SC questioning ‘public purpose’ shows Singur ruling is critical
The Supreme Court’s judgment in the Singur case is a victory for the rule of law, and the constitutionally-protected rights of citizens. In quashing the illegal acquisition of land by the West Bengal government and mandating its return, the SC has signalled a departure from its hitherto deferential review of “public purpose” and the “procedure” for forcible land acquisition.
In 2006, the West Bengal Industrial Development Corporation (WBIDC) forcibly acquired nearly 1,000 acres of land in Singur for Tata Motors’ Nano car project. Such forcible acquisitions were permissible under the Land Acquisition Act, 1894, for a “public purpose” and upon “payment of compensation”, provided the “procedure” prescribed under the Act was followed. By a 1984 amendment to the 1894 Act, land could be acquired on behalf of a company, provided a different procedure prescribed in Part VII of the Act was followed.
The Singur land losers were using the land for cultivation and agro-processing industries. Though they objected to the acquisitions, the government ignored them. The land losers challenged the acquisition before the high court. While their appeals were pending, the WBIDC took possession of the land, compensated those who were willing and displaced the unwilling. This led to protests.
Justices V Gopala Gowda and Arun Mishra disagreed on whether the acquisition for Tata Motors was done for a “public purpose” under Part II of the Act, or “for a company” under Part VII of the Act. But they agreed that whichever procedure was applicable, the government did not follow it. The court judges found “no application of mind” in the acquisition process, labelling the collector’s enquiry into the land losers’ objections a “farce and an eyewash”.
The Singur case is not atypical. A study by the Centre for Policy Research of all land acquisition cases decided by the SC between 1950 and 2015 found that almost 40% of the cases involved a challenge to the validity of the procedure whereby land was acquired. In almost four out of 10 of the challenged cases, both the high court and the SC invalidated the acquisition for non-compliance with the existing procedures.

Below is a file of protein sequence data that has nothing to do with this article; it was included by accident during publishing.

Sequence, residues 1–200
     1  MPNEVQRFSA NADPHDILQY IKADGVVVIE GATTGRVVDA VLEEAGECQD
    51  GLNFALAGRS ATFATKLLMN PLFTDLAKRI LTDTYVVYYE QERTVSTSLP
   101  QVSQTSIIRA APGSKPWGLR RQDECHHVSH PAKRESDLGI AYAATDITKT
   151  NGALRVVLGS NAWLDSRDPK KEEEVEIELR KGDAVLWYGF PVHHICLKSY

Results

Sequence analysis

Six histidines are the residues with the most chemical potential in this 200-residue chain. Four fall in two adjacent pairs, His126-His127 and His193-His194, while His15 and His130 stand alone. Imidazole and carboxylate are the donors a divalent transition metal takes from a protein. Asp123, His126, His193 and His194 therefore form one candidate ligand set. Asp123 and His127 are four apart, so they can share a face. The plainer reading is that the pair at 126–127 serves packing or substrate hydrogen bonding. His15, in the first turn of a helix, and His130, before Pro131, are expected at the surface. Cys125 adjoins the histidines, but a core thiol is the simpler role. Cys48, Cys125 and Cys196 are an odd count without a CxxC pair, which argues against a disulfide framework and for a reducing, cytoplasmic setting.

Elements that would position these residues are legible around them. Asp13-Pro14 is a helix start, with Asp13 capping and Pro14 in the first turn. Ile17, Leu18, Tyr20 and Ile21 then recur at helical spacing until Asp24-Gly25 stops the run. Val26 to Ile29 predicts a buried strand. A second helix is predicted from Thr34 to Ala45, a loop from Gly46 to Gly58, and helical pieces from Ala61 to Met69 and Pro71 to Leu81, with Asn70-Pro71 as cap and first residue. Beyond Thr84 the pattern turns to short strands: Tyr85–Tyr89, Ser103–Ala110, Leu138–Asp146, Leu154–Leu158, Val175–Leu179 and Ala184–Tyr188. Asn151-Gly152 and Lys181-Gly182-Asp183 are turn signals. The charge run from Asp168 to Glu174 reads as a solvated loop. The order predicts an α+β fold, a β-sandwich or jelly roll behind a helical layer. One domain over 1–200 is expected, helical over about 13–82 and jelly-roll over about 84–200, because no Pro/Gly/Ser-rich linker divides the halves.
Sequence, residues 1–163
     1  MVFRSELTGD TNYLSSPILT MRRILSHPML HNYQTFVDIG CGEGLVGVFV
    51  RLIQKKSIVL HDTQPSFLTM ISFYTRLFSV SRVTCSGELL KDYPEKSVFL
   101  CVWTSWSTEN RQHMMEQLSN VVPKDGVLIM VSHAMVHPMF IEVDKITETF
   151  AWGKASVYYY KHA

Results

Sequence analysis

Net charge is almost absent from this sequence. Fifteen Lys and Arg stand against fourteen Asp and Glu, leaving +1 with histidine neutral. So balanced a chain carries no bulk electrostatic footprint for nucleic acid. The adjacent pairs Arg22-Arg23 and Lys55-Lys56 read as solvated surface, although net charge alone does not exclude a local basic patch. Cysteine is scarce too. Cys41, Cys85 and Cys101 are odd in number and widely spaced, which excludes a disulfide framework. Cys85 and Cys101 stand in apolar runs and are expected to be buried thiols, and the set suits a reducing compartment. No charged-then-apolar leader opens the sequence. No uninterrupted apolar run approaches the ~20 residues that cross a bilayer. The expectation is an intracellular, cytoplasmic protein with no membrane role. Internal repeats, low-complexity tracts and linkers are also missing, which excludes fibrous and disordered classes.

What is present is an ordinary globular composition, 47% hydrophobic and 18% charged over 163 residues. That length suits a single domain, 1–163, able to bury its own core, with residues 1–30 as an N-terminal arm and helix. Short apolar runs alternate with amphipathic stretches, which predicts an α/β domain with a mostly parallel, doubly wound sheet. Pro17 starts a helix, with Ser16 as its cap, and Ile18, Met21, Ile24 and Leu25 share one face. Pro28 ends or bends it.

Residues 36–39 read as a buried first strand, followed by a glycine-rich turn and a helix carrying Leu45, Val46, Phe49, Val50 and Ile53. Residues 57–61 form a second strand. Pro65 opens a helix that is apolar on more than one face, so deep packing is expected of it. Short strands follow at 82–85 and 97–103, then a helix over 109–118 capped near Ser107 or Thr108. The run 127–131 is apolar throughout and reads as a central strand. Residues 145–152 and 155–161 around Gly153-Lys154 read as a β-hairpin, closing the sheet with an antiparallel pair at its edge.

However, what makes the Singur judgment distinctive is that in the past, the SC has rarely questioned the government’s declaration of “public purpose”, except to note that the acquisition must support the “general” as opposed to “individual” interest. Indeed, in the data set of 1,369 cases, the SC invalidated the government’s finding of public purpose in only 13 cases.
In a departure from existing precedent, Justice Gowda held that where there was no scheme of industrial development fulfilling public need, nor was the cost of acquisition serviced by public revenue, acquisition of land by the government on behalf of a company did not satisfy the requirement of “public purpose” under the 1894 Act. Justice Mishra disagreed with this finding on law and facts.
Since Singur and in part because of it, the 1894 Act was repealed and replaced by the Land Acquisition Act, 2013. The 2013 Act mandates that any acquisition of land involving a company must have prior consent of 80% of the affected families as a prerequisite for acquisition.
Attempts by the Centre to amend this provision through ordinance failed last year. But several state legislatures have amended the 2013 Act to circumvent this provision. In this context, and especially for pending cases under the 1894 Act, Justice Gowda at least, has indicated that the Supreme Court will no longer defer, but strictly scrutinise whether any governmental acquisition of land for a company is indeed for a public purpose.
Namita Wahi is Fellow, Centre for Policy Research. The views expressed are personal.
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